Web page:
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LUBS2060
Module Reading List

Contemporary Industrial Relations, 2021/22, Semester 1
Alan Roe
busaroe@leeds.ac.uk
Tutor information is taken from the Module Catalogue

 Module taught by Gabriella Alberti (module leader) and Ian Greenwood

Seminars: Jiachen Shi

Schedule of lectures 

Week 1. Introduction – Industrial relations and the employment relationship (Gabriella +Ian)

Week 2. The state in industrial relations 1 – UK Industrial Relations: Politics and the State (Ian)

Week 3. The state in industrial relations 2 – The European Union, Brexit and Industrial Relations (Gabriella)

 Week 4. Voice and participation at work 1 – High performance work systems (Ian)

Week 5. Voice and participation at work 2 – The demise of collectivism and partnership Agreements (Ian)

 Week 6. Gender, equalities and industrial relations in the UK (Gabriella)

Week 7. Gender and Equalities – the European Agenda (Gabriella)

Week 8.  Industrial relations, precarious work and the gig economy (Gabriella)

 Week 9. New social movements and new actors in industrial relations (Gabriella)

 Week 10: Revision Lecture (Gabriella)

 

1)  Introduction to Industrial Relations

This lecture sets the scene by defining industrial relations as a field of study. It asks, what’s the basis of the employment relationship between employees and employers?

Dunlop J.T. (1958), Industrial Relations Systems, Holt-Dryden, New York.

Gennard, J. and Judge, J. (1997) Employee Relations, CIPD.

Van Wanrooy B, Bewley H, Bryson A, Forth J, Freeth S, Stokes L and Wood S (2013) The 2011 Workplace Employment Relations Study-First findings. Department for Business Innovation and Skills.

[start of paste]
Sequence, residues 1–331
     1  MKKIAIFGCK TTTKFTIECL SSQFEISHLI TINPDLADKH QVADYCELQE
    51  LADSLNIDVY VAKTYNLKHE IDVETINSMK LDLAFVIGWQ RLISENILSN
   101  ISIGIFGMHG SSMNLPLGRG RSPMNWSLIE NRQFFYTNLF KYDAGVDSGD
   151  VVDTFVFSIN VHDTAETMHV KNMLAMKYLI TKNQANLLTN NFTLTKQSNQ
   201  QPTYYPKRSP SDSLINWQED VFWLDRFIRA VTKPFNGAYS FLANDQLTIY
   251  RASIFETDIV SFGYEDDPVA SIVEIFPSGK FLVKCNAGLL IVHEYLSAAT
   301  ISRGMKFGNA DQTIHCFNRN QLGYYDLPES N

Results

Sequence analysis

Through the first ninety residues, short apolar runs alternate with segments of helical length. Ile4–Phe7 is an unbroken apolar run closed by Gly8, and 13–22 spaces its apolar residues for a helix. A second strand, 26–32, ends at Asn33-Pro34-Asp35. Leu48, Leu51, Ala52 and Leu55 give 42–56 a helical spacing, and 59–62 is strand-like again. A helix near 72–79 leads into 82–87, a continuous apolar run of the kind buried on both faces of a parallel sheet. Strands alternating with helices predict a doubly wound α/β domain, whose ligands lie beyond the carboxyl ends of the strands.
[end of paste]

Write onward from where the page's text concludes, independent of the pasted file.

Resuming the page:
Williams, S. (2020). Introducing employment relations: a critical approach. Oxford University Press. (both hard copy and e-book available) 

 

Theme I: The State and Industrial Relations

 

These two lectures question the role of the State as an actor in the employment relationship. Within the UK we will consider the shift from the ‘New Right’ Conservative government to the ‘New Left’ Labour administration, and the ‘return’ to the right under the coalition government and the recent developments under the last two Tories government. However, with the growing significance of the EU the State is increasingly influenced from outside its traditional boundaries.

2) UK Industrial Relations: Politics and the State

Howell C. (2004), ‘Is There a Third Way for Industrial Relations? , British Journal of Industrial Relations, 42:1 March 2004.

Smith, P. and Morton, G. (2006) ‘Nine Years of New Labour: Neoliberalism and Worker Rights’ British Journal of Industrial Relations, 44(3): 401-420.

Williams, S. and Scott, P. (2010) ‘Shooting the past? The modernisation of Conservative Party employment relations policy under David Cameron’, Industrial relations journal., 41(1): 4-18.

Williams, S. (2020). Introducing employment relations: a critical approach. Oxford University Press, Chapter 3 The Politics of Employment Relations (pp. 116-134)

 

3)  Industrial Relations and the role of European Union

Jensen, C.S. Madsen, J.S. and Due, J. (1999) ‘Phases and Dynamics in the Development of EU Industrial Relations Regulation’. Industrial relations journal. . 30(2).